Robot Mower

Fun Innovations Friday: Robots Are Here To Mow Your Lawn

Aug. 11, 2023
Here to alleviate your back pain and give you back some free time on the weekend, landscaping companies are taking on Husqvarna automatic robot mowers to help the environment and increase safety.

We all know the iRobot Roomba and the various other versions manufactured by other vacuum companies. Some even now have gone on to include mopping robots and multi-use robots that vacuum and mop at the same time depending on the floor surface they detect.

Well, this area of household chore innovation has spread to many homeowners' weekly summer annoyance—mowing your lawn.

A landscaping company, Rennan Drobnick Landscape and Snow based in Duluth, Minnesota, has been testing robotic lawn mowers for the past two years and is finally ready to release them on the market this month.

Developed by Swedish manufacturer Husqvarna—a specialist in all types of chainsaws, axes, and PPE—the automatic lawn mowers are designed to be virtually quiet due to their cutting blades which are "much more efficient and smaller," says Atle Rennan, General Manager of the company. “If you’ve got a big turbine spinning, that makes a lot of noise, but that [auto lawn mower] just uses little razor blades.”

The robo-mowers weigh around 20 lb. and cost about $2,000, moving at 1 to 2 mph depending on the model, and can cover anywhere from 0.4 to 26 acres of land. Now I don't know how fast my husband walks up and down the yard when mowing the lawn, so I'm not entirely sure if that speed is standard or not.

How It Works

These robot mowers do have similar operating procedures as vacuum robots, but also slightly different. A house is an enclosed space that can be easily mapped due to walls stopping the robot, helping them identify the entirety of the structure and interior rooms. However, when you're outside, there's not usually a barrier in people's yards unless you have a fully enclosed fence or your surrounding neighbors have a fully enclosed fence.

So what they do is, the landscaping company will bury a copper wire in a client’s lawn, similar to an invisible dog fence, to help guide the robot within the wire’s radius.

They have built-in bump sensors and two swiveling drive wheels to ensure that if the mower brushes against a planted object, it will stop and change direction without harming your garden beds or destroying itself trying to drive through a tree and/or getting mulch everywhere.

According to Rennan, there are 3, 1-in. carbon-steel blades mounted on a disc system located in the center, about 4 to 5 in. from the outer edge of the mower, making these mowers much safer than traditional gas-powered units. “You could stick your fingers under there, and it would bump you and turn around. There would be no injury,” says Mitch Drobnick, co-owner of the Rennan Drobnick Landscape and Snow.

GPS trackers are installed in the robots and when a 20% battery life is detected, the unit will find its guide wire and return to its charging port to plug itself in. Users can set a mowing schedule via a smartphone app, Rennan said. When concerns were raised about the app or the mower being able to be hacked, he responded "Unless they have a quantum computer, they'd have a hard time hacking into Husqvarna software."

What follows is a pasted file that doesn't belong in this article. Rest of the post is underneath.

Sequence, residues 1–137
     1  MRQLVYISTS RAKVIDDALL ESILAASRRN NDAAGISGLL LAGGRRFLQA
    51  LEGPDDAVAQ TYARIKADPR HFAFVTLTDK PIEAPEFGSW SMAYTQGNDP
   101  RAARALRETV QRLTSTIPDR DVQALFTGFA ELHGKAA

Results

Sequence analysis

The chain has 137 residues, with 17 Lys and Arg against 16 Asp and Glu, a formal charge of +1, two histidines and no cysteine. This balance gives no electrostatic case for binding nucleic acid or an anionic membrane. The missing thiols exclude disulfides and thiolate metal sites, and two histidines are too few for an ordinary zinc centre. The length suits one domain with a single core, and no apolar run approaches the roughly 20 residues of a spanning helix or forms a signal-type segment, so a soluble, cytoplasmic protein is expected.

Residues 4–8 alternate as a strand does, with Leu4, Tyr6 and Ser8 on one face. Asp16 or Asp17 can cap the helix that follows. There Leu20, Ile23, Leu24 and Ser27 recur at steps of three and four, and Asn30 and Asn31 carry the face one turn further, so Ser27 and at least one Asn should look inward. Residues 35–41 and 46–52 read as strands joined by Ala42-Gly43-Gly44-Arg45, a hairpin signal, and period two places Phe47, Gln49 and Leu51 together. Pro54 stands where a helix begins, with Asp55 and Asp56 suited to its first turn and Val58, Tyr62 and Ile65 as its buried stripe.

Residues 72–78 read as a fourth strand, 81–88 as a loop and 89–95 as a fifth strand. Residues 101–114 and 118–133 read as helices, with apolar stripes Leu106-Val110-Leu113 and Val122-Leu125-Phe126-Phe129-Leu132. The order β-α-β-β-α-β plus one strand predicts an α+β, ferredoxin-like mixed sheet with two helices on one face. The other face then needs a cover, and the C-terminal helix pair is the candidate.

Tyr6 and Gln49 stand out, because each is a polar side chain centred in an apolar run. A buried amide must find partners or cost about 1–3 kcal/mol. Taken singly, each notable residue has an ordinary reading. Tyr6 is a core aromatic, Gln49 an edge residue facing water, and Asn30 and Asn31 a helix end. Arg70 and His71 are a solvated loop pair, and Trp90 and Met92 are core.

An additional feature lets Husqvarna communicate with the mowers if a thunderstorm or frost is forecast, which will instruct the mowers to park themselves until its clear to resume.

The company offers a rate of $100 to $200 monthly fee based on the client's lawn size. While the mowers are built to last 10 years, this rate helps the company take care of any maintenance, replacing blades, bearings or motors.

Helping the Environment

Rennan and Drobnick say they believe in this technology because it’s cleaner than traditional gas mowers, there’s no noise pollution, and it eliminates a chore for their clients.

In Duluth’s Lakeside neighborhood, their client Jim Geidner lives on a corner lot with “a pretty dramatic slope” that he watches the device easily navigate. “It keeps the grass short. It goes out and nibbles like a rabbit,” he said.

It’s Geidner’s second summer with the unit that he pays about $100 a month to use, and he says it's worth every penny. The 57-year-old suffered a back injury eight years ago, followed up by nerve surgery. After struggling to find consistent help with three lawn services, Geidner, who has used a robot vacuum cleaner for years, was willing to try the auto mower.

He likes that the unit is quiet, environmentally friendly, and he said adding it didn’t affect his electricity bill. So far, the only issues have been his fault, like that time the mower bumped into a droopy hammock and turned itself off. “It’s run over the garden hose 100 times and doesn’t damage it at all—much different than if you did that with your lawn mower, which I have,” he recalled.

Rennan and Dobrick Landscaping and Snow aren't the only ones using these Husqvarna robot mowers. Companies in West Palm, Flordia are also getting on the bandwagon. I expect we'll start to hear a lot more about these in the coming year.

Fun Innovations Friday

Created by the editors of New Equipment Digest and Plant Services, Fun Innovations Friday is a feel-good blog that showcases how advances in science, math, engineering, and technology are making our world more whimsical. Here’s another post that is guaranteed to brighten your day.

Why Program Robots When You Can Control Them With Your Mind Instead?
This might sound like a futuristic concept, but a new study illustrates just how close we are to applying brain-computer interface technology in everyday life.